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The Stock Markets Lost Over 3% Today. Our Global Wealth Builder Fund lost 0.93% and the High Income Fund Lost 0.66%

Our defensive posture is working well for us and we have lots of cash for bargain hunting when the time is right.

However, we do not think the markets are offering any bargains yet. The media has been hand-holding investors for most of the year. I find it difficult to understand why they encourage investors to take the “long view” and remain fully exposed to this bubble market. In my view, the market losses this year are just the beginning of much more pain.

I don’t believe the economic numbers are very reliable. For example, the US labor statistics in particular, which are embellished, have become leading economic indicators influencing day-to-day market activity. Labor conditions are not leading indicators. They always appear at their best at market tops. A better indicator might be the participation rate, which indicates only 62% of the labor force have jobs, compared to 67% in 2007. Ex retirees, about 75-80 million people are unemployed but not counted as such.

The trade war is causing a lot of distortion in global trade as importers hedge against anticipated higher tariffs. This activity increases the difficulty of interpreting trade and economic growth rates. However, on balance, the several economic indicators suggest economic grow this slowing.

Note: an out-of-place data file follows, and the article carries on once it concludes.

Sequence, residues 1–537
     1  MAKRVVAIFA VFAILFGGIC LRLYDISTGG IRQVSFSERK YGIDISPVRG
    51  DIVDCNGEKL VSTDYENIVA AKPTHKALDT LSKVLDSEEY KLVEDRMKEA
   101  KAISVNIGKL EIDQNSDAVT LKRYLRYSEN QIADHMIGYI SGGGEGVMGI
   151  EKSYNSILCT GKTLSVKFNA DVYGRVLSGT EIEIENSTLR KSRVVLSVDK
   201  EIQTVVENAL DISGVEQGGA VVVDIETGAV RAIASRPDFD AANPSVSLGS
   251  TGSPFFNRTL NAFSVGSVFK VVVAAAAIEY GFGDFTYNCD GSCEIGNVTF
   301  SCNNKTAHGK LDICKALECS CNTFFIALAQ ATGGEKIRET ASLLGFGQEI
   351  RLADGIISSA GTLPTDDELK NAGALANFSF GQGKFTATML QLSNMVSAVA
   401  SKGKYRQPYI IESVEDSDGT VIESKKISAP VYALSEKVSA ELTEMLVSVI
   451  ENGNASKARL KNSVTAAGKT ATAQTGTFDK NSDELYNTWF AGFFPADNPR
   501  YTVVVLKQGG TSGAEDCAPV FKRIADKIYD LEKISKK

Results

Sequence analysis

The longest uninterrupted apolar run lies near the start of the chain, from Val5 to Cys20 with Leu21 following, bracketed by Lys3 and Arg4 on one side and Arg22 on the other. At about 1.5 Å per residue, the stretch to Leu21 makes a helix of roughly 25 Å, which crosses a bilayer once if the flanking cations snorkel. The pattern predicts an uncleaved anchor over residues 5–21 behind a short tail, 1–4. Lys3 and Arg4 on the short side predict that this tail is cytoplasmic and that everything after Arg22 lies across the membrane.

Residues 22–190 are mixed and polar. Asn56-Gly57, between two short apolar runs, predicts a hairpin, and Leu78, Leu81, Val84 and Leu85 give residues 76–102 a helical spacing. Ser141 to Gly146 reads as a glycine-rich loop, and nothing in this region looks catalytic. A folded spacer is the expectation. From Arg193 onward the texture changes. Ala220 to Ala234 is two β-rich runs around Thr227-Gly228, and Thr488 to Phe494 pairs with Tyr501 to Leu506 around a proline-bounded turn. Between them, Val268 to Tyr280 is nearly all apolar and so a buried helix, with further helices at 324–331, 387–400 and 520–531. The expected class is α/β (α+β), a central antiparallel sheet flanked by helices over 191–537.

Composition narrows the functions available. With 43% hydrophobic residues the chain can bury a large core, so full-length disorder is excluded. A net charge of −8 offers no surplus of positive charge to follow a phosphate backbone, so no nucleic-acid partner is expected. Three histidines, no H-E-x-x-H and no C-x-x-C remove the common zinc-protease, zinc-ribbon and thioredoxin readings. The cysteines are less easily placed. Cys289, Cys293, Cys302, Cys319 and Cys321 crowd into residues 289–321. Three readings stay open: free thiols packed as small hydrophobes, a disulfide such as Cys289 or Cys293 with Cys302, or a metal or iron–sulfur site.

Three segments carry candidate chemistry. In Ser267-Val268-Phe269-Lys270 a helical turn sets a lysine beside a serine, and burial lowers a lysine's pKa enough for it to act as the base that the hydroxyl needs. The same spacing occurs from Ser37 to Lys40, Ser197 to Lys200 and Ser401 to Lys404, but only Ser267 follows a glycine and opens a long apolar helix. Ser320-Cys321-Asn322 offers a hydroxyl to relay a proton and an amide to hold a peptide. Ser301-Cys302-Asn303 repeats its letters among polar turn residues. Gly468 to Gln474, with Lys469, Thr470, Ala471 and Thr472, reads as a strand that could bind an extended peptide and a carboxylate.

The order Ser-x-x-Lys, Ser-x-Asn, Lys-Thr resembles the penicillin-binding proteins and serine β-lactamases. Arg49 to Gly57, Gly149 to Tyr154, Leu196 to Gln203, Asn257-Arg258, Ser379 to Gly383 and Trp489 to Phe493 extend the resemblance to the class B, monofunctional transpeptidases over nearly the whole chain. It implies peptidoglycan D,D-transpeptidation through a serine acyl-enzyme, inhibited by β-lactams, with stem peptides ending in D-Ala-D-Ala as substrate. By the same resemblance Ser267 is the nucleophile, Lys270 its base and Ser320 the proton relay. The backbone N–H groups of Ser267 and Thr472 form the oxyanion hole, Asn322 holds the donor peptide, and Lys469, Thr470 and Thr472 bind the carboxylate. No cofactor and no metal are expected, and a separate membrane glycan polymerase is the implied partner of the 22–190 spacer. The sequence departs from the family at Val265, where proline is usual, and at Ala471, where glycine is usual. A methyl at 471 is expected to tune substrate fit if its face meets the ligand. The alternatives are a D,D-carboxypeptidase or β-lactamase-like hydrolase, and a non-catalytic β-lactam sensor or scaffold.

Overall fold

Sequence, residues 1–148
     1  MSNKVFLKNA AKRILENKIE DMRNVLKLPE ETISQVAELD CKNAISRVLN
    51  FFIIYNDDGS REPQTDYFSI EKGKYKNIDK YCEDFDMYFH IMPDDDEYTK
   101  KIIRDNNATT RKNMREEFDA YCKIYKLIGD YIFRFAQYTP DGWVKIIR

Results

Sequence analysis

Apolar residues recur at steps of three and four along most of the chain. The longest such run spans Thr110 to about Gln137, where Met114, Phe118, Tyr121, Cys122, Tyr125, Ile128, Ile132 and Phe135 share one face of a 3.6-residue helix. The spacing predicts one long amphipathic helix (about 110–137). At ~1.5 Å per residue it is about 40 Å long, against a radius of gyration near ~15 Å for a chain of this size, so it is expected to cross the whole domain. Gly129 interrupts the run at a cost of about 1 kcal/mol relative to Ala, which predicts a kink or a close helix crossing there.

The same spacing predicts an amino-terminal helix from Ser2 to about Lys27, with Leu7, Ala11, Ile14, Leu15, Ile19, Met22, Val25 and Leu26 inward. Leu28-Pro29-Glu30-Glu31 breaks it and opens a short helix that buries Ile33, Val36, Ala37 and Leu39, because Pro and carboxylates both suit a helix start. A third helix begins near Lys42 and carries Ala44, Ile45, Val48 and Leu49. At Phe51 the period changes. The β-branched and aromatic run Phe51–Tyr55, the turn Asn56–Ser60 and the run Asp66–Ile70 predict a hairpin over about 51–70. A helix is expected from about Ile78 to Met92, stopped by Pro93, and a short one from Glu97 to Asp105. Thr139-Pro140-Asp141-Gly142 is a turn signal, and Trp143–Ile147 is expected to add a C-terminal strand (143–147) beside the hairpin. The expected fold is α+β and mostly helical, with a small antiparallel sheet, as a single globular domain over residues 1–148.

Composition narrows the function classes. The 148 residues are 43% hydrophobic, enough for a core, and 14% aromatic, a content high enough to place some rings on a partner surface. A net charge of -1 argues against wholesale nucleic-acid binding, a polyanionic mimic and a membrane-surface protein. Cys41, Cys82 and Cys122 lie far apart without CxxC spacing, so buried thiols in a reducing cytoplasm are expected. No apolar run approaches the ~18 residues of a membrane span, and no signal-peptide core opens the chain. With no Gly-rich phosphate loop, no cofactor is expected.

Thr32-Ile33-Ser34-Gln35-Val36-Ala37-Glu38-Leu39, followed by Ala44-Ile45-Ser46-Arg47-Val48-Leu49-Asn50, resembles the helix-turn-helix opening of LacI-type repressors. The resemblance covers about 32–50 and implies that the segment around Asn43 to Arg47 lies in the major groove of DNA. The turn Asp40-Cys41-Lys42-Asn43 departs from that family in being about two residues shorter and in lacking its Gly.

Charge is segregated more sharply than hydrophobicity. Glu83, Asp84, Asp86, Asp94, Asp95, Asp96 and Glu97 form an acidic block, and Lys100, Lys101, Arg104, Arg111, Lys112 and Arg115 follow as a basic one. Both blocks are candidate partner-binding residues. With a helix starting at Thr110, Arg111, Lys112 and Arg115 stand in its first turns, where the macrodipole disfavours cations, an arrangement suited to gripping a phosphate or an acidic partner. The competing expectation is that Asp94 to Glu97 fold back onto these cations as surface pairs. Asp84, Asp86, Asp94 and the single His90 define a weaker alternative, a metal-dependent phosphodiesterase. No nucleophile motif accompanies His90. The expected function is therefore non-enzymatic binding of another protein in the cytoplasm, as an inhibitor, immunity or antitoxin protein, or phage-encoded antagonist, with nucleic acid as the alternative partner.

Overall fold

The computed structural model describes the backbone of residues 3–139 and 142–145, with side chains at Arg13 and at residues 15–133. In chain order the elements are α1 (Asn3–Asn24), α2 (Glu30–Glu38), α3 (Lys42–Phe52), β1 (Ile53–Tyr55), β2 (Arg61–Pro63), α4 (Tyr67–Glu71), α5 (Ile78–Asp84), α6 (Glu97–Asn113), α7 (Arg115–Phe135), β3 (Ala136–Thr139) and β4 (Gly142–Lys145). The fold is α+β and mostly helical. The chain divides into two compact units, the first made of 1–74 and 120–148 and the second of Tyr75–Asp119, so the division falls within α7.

Our Bank of Canada is expected to make an interest rate announcement tomorrow (December 5th) but the oil situation and slowing growth should discourage another rate increase at this time.

Right after being sworn in, both Trudeau and Notley issued press statements opposing construction of pipelines for environmental reasons. Three years later, our economy is in the tank and more hazardous surface transport of oil at higher cost is now the only alternative. It looks like Notley is at the end, but the poor prospects for the national NDP could pave the way for Trudeau to get another 4 years.

The oil market is in for some volatility if Iran implements their threat to interrupt the oil flow through the Suez. It could be an opportunity to play the oil Internationals, for a nimble investor not requiring a good night’s sleep!

The bank stocks reported fairly good results but their stock prices are down collectively, by almost 12% from their highs. They are the largest weighting in most portfolios, indicating that many investors are hurting more than the popular indices suggest.

I think it would be a mistake to be complacent and ignore how the bubble is unwinding. In the pursuit of yield, most investors are over exposed to equities and not prepared for a market correction. The market is down a little but not much as illustrated by the S&P 500 chart below:

                                   

 

It is clear that the market is still in bubble territory and has room for a far more serious correction as the bubble unwinds.

 

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WealthNotes

The Federal Open Market Committee (FOMC) reduced the central bank rate by 0.25% yesterday. The Dow closed down 334.75 points (1.22%) which reflects the disappointment that the cut wasn’t 0.50%, with promises of more stimuli to follow.

The market fully recovered that loss early today but Trump’s announcement of additional tariffs of 10% on over $300 Billion of Chinese exports caused that gain to evaporate to a loss of another 280 points (1.04%).

The FOMC is walking a delicate tightrope. If they had made a bigger cut and promised more stimuli, investors would have interpreted that as confirmation that the economy is in worse shape than is understood.

The question period after the announcement was an amazing display of circumlocution. I found it quite understandable because the US economy has some pockets of weakness that are concerning but the indicators are not universally bad.